The Poacher’s Fate is an album about song and story, where less is more and the voice is king above all. Laura Smyth & Ted Kemp both have fine voices with which to tell their chosen stories, and the sense to know that by and large their voices are all they need to do so. What accompaniment there is, is simple and unobtrusive. When the vocals are as good as they are here, this is a boon.
Even the lone instrumental piece, Winder’s Hornpipe / Kill Him with Kindness, follows the same principle of simplicity. It’s a pretty piece, although somewhat slight in comparison to the remainder of the album.
The album opens with the titular The Poacher’s Fate - a sorry tale which despite its sad end is sung with a defiant air. One gets a tangible sense of Smyth & Kemp occupying the roles of their protagonists through their singing, rather than simply recounting it as if passive observers.
It is, in some senses, a very stereotypical traditional album. There’s murders, hangings, lost loves and false young men. Perhaps during the second English folk revival it could have been lost in the noise, but nowadays such fine voices, with the confidence to strike out with the most minimal accompaniment, stands out much more.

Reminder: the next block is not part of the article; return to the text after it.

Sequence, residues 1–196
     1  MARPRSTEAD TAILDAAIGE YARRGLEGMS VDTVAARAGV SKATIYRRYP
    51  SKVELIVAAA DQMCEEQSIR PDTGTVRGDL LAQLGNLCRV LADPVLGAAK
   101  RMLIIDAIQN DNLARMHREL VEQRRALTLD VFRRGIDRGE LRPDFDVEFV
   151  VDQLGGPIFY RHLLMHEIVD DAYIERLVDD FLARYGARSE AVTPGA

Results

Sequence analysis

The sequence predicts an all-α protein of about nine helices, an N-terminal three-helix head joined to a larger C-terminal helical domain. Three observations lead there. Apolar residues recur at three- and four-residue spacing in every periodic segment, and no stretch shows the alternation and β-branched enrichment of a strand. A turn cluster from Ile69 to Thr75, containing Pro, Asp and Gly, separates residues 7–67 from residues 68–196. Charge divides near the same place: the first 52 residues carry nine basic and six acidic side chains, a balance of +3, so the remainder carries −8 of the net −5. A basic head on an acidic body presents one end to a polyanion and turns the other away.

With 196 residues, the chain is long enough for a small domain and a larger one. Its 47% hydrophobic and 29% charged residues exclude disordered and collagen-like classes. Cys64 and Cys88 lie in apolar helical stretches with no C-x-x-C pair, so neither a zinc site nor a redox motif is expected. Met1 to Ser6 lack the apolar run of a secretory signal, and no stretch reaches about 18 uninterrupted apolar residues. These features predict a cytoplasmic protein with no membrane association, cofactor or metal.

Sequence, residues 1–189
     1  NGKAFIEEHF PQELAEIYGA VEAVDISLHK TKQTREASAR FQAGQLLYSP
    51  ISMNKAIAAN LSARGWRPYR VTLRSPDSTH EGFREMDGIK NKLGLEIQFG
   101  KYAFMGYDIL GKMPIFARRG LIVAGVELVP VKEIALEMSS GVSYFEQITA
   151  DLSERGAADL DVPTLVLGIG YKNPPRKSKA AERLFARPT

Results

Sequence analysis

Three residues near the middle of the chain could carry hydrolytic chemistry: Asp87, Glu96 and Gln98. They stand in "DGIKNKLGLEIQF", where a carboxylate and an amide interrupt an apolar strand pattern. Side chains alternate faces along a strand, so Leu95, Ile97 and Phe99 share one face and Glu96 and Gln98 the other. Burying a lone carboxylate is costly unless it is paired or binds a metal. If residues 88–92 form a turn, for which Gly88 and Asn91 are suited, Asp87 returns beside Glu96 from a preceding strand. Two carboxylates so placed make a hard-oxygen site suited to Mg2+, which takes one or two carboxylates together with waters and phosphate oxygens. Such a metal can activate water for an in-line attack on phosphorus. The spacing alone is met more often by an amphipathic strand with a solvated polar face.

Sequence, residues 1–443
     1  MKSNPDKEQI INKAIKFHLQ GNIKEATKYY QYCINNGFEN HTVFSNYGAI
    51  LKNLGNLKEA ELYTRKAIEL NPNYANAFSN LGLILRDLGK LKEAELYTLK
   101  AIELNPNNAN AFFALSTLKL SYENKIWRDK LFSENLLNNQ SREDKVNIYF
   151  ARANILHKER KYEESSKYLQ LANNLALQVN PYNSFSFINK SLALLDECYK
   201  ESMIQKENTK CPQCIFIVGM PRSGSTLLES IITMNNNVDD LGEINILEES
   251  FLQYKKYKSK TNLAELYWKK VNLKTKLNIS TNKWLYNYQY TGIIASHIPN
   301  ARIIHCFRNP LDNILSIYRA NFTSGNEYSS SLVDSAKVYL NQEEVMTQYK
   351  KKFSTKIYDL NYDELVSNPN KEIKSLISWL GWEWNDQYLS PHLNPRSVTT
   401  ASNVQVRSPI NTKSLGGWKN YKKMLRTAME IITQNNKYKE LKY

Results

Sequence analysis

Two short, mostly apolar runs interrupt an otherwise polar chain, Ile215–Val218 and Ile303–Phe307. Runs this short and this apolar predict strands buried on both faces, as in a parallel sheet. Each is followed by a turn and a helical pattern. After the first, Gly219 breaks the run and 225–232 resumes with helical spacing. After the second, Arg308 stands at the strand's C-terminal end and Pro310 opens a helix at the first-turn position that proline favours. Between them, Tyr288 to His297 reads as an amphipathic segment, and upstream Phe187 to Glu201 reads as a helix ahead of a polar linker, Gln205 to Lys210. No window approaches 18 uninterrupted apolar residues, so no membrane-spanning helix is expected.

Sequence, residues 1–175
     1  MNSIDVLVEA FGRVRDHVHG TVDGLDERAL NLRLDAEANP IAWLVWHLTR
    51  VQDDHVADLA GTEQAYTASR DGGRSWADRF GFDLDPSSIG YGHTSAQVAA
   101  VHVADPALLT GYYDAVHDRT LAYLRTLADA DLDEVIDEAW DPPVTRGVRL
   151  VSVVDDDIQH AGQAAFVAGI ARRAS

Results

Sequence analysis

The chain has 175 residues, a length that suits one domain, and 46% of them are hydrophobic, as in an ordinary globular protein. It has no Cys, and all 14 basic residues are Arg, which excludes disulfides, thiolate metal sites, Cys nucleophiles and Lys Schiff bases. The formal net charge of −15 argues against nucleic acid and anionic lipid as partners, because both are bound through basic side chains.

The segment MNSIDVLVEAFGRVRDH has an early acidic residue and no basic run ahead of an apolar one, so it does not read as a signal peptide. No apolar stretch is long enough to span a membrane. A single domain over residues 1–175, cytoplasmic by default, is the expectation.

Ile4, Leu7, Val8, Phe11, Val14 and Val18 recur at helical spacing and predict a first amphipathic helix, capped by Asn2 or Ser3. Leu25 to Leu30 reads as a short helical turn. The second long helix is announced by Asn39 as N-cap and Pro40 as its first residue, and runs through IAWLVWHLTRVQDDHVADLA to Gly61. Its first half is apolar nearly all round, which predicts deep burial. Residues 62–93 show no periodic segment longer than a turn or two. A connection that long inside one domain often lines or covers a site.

There’s also a nice balance between the two singers, leading on different songs according to their strengths, and providing supporting vocals otherwise.
Kemp leads on the disquieting Murder in the Red Barn, singing as the murderer waiting to be hanged. With an unfussy guitar accompaniment, he details with a clear voice how he murders his betrothed and buries her in the barn. What begins as quite a simple and pleasant arrangement gradually becomes more sinister as the story unfolds.
The Poacher’s Fate is an excellent example of why the unaccompanied voice has such a history within the English folk tradition. For all the fantastic instrumentalists present in today’s folk scene, a pair of singers who recognise that storytelling is such an integral part of folk music, and who know exactly what they’re doing and how to do it, can do wonderful things with such sparse arrangements.James Motteram
Released 25 November 2017 on Broken Token Records.
1. The Poacher’s Fate
2. Alizon Device
3. There is a Tavern
4. Murder in the Red Barn
6. Winder’s Hornpipe / Kill Him With Kindness
7. Here’s Adieu to all Judges and Juries
8. The Brown Hare of Whitebrook
9. Brave Benbow
10. The Manchester Angel
11. Wild Rover
12. Carrickmannon Lake